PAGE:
Letter from Edinburgh
Imagine the scene. The leader staggers off stage, applause(ish) buzzing in his ears, relieved to have the speech done. Television cameras and radio booms fight with press photographers to catch a word and a snap, and the first thing he hears from his staff is not words of encouragement and cheerfulness but, Berbatov has a hat-trick and Liver-pool are losing at Old Trafford!
So it was last Sunday. The party conference season opened in Liverpool – a city close to my footballing heart. The conference was the busiest I have ever seen with, it is said, 6,000 people attending.
In other years, security was of a basic nature. This year Highlands and Islands Airports would have been proud of the rigmarole that delegates had to pass through on the way in. Cabinet ministers were more common than the starlings on the Liver building and I met someone who had played at the famous Cavern Club where it all started for the Beatles many decades ago.
The future of the Post Office and Royal Mail was one of the main issues debated. Royal Mail is in terrible financial trouble with a £10 billion pension deficit. So to survive and then grow it needs money.
Governments have ducked this for years and we’ve seen post offices closing and people laid off. That’s as true for Shetland as anywhere. So doing nothing isn’t an option.
The UK government now plans to bring private money into Royal Mail, give its staff shares in the business, and therefore in their future, and sort the pension deficit. Making sure staff have a pension, with some certainty of what it’s likely to be, is something that must happen.
Liberals have for decades argued for employees to have shares in the business that they work in. It’s been part of Germany’s industrial and manufacturing success for 60 years. So surely now, with an organisation so important to the country, giving staff a stake in their future is right.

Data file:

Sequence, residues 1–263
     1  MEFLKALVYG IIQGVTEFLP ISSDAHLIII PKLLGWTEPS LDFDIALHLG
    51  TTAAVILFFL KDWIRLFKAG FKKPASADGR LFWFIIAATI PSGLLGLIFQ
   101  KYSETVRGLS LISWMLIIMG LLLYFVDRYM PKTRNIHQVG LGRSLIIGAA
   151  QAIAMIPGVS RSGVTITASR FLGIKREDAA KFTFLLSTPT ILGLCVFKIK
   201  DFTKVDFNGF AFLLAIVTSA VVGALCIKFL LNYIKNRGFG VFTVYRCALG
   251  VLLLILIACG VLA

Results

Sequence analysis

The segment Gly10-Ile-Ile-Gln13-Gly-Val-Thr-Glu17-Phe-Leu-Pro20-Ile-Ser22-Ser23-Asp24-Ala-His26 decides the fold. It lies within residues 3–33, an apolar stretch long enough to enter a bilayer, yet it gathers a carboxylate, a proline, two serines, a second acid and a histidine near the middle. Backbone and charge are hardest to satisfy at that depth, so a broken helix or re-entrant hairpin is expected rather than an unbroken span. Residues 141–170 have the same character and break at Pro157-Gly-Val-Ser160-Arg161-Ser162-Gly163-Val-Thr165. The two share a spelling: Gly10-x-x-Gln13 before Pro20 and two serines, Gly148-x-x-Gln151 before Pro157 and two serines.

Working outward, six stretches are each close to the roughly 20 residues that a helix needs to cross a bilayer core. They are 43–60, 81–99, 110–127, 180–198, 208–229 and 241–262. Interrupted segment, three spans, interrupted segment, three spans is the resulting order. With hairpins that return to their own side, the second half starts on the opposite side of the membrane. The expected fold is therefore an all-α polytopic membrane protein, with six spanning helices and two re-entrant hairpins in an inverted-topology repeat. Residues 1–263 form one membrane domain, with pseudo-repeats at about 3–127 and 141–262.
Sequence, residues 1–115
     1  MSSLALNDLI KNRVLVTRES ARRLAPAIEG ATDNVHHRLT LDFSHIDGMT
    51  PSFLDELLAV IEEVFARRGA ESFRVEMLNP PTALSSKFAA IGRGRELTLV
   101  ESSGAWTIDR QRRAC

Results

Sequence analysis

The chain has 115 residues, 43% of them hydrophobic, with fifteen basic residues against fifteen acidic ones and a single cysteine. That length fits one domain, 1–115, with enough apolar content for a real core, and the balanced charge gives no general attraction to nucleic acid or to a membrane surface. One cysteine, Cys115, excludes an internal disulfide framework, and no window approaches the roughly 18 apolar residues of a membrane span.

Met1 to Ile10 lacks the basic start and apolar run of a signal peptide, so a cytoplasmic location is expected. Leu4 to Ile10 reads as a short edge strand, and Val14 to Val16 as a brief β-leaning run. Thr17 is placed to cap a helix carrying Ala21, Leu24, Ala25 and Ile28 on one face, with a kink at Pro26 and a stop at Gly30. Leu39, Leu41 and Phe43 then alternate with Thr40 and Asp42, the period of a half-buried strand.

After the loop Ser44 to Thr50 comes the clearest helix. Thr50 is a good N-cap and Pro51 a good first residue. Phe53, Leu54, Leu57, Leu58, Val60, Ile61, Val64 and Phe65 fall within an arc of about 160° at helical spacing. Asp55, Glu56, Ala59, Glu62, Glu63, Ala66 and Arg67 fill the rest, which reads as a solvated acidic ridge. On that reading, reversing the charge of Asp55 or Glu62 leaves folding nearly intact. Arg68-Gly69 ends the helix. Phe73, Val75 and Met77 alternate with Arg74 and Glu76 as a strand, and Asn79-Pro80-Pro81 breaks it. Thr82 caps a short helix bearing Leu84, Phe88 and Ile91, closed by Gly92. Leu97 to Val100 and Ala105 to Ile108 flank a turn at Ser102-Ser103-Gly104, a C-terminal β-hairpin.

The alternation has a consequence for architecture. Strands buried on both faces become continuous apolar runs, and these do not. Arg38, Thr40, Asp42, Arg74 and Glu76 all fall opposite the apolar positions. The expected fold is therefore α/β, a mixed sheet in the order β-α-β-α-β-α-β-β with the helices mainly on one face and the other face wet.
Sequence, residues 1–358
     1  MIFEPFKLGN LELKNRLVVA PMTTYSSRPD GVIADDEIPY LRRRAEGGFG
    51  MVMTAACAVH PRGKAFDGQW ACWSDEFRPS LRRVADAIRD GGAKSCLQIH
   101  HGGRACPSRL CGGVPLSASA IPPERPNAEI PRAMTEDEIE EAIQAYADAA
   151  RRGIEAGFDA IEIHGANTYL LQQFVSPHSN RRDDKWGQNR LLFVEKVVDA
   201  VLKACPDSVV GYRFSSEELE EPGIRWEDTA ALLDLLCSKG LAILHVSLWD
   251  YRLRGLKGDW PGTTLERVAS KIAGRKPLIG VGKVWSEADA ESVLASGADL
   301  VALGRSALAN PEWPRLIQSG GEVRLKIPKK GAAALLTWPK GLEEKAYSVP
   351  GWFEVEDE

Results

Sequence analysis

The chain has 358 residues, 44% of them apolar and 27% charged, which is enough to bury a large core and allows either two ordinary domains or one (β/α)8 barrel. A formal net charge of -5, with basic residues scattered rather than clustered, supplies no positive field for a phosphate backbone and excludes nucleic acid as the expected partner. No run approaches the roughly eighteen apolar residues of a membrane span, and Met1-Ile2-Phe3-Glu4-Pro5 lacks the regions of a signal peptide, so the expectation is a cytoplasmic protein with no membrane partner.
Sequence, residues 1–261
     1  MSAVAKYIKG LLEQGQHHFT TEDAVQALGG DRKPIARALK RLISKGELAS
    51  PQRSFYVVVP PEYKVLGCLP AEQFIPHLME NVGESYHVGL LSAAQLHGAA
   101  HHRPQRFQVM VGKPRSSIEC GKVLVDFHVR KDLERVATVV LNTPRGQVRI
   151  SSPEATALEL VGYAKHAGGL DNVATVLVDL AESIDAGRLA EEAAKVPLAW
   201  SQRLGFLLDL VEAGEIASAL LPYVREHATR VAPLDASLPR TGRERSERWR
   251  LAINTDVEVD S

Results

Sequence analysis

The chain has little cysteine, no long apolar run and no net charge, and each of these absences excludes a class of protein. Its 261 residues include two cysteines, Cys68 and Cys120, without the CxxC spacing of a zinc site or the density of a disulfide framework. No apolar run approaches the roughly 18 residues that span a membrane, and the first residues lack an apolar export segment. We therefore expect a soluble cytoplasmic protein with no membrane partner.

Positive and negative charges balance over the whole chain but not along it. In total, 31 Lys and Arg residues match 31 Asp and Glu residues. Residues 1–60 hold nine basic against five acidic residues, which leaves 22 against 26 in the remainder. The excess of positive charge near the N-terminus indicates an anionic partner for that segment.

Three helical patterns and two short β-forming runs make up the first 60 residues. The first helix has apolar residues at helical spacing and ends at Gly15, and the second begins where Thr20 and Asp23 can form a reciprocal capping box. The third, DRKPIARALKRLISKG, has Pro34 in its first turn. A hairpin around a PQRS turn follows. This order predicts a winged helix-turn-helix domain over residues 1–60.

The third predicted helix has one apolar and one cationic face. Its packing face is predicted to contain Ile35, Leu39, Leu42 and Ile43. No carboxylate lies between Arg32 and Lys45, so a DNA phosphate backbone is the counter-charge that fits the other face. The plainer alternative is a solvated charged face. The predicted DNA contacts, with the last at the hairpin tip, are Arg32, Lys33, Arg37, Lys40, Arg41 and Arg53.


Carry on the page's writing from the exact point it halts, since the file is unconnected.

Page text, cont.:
On the delivery side, a letter will be delivered for the same price in Shetland or Solihull. That’s because the legislation which will be introduced later in the autumn will explicitly state that, and so it should. And the post office closure pro-gramme will be stopped.
In addition remote post offices that currently receive a special pay-ment in recognition of the social service they provide will continue to get them. Sorting the staff pensions, guaranteeing delivery of your mail across the country no matter where you live, and stopping more closures is a pretty important step forward. All this so that the Royal Mail has some chance of competing with private delivery companies, emails and other forms of technology.
A last word on what was once known as the second city of the Empire, as a Scouse taxi driver told me. I stayed in the Aldelphi. Don’t! It’s the noisiest hotel I’ve ever been in. Cheerfully noisy – but noisy. If you need a night’s sleep before speaking to 6,000 people, it’s not a good place to be.
Tavish Scott MSP